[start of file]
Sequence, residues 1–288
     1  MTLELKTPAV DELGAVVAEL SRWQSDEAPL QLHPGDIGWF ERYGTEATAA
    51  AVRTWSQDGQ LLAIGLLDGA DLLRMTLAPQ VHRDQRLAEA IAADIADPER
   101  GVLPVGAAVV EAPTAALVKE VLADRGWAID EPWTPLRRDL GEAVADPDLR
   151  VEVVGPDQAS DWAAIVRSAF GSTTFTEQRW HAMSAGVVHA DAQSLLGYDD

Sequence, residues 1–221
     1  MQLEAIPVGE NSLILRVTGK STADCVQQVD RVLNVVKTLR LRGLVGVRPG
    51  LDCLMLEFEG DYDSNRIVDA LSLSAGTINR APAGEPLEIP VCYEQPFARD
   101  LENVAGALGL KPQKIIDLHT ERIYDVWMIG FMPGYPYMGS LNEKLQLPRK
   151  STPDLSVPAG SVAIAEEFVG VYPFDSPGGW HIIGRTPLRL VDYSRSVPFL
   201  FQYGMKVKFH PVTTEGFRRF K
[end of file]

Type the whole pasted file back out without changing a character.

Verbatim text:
Sequence, residues 1–288
     1  MTLELKTPAV DELGAVVAEL SRWQSDEAPL QLHPGDIGWF ERYGTEATAA
    51  AVRTWSQDGQ LLAIGLLDGA DLLRMTLAPQ VHRDQRLAEA IAADIADPER
   101  GVLPVGAAVV EAPTAALVKE VLADRGWAID EPWTPLRRDL GEAVADPDLR
   151  VEVVGPDQAS DWAAIVRSAF GSTTFTEQRW HAMSAGVVHA DAQSLLGYDD

Sequence, residues 1–221
     1  MQLEAIPVGE NSLILRVTGK STADCVQQVD RVLNVVKTLR LRGLVGVRPG
    51  LDCLMLEFEG DYDSNRIVDA LSLSAGTINR APAGEPLEIP VCYEQPFARD
   101  LENVAGALGL KPQKIIDLHT ERIYDVWMIG FMPGYPYMGS LNEKLQLPRK
   151  STPDLSVPAG SVAIAEEFVG VYPFDSPGGW HIIGRTPLRL VDYSRSVPFL
   201  FQYGMKVKFH PVTTEGFRRF K